The Bozo people of Mali create beautiful and colorful masks and puppets for their annual festivals. This Bozo mask features a human face with bright red and yellow pigmentation. The mask measures 17 inches tall and weighs 10 pounds. There is a small chip on the nose and some minor scuffing and cracking. Please inspect photos. The mask does not come with a stand but one can be added for an additional price – please inquire.
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Small chip on nose, and some scuffs and cracks
About the Bozo People
“The Bozo are a West African ethnic group located predominantly along the Niger River in Mali. The name Bozo is thought to derive from Bambara bo-so “straw house”, the people accept it as referring to the whole of the ethnic group but use more specific clan names such as Sorogoye, Hain, and Tieye themselves. They are famous for their fishing and are occasionally referred to as the “masters of the river”.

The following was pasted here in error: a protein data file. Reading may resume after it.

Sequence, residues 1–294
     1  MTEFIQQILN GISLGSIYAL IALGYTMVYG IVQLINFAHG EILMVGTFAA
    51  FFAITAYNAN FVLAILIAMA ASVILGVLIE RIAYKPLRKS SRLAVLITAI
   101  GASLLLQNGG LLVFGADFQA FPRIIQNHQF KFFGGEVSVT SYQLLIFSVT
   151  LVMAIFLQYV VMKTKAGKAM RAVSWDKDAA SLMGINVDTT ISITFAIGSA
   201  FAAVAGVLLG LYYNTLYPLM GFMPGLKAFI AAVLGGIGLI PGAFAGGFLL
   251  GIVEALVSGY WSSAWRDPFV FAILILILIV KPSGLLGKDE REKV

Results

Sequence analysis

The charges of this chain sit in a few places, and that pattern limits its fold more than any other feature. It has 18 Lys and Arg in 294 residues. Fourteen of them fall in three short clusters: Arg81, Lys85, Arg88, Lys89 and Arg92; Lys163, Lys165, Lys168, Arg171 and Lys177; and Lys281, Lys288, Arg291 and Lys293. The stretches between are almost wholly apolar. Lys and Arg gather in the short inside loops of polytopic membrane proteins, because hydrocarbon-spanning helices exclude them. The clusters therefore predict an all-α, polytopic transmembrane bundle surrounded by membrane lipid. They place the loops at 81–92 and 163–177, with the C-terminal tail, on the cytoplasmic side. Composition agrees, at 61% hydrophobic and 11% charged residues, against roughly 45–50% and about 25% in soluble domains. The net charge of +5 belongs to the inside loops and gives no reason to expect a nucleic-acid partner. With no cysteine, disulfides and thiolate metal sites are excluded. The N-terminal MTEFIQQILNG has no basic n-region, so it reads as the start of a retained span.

“The Bozo language, which belongs to the Soninke-Bozo subgroup of Northwestern Mande within the Niger-Congo family, have traditionally been considered dialects of one language though there are at least four distinct varieties.
Aspects of Bozo culture took shape under the 10th century Ghana Empire, when the Bozo took possession of the banks of the Niger. The Bozo were the founders of the Milian cities of Djenne and Mopti.
Though the Bozo are predominantly Muslim, they preserve a number of animist traditions as well. Their animal totem is the bull, whose body represents the Niger and whose horns represent the Bozo fishing pirogues.”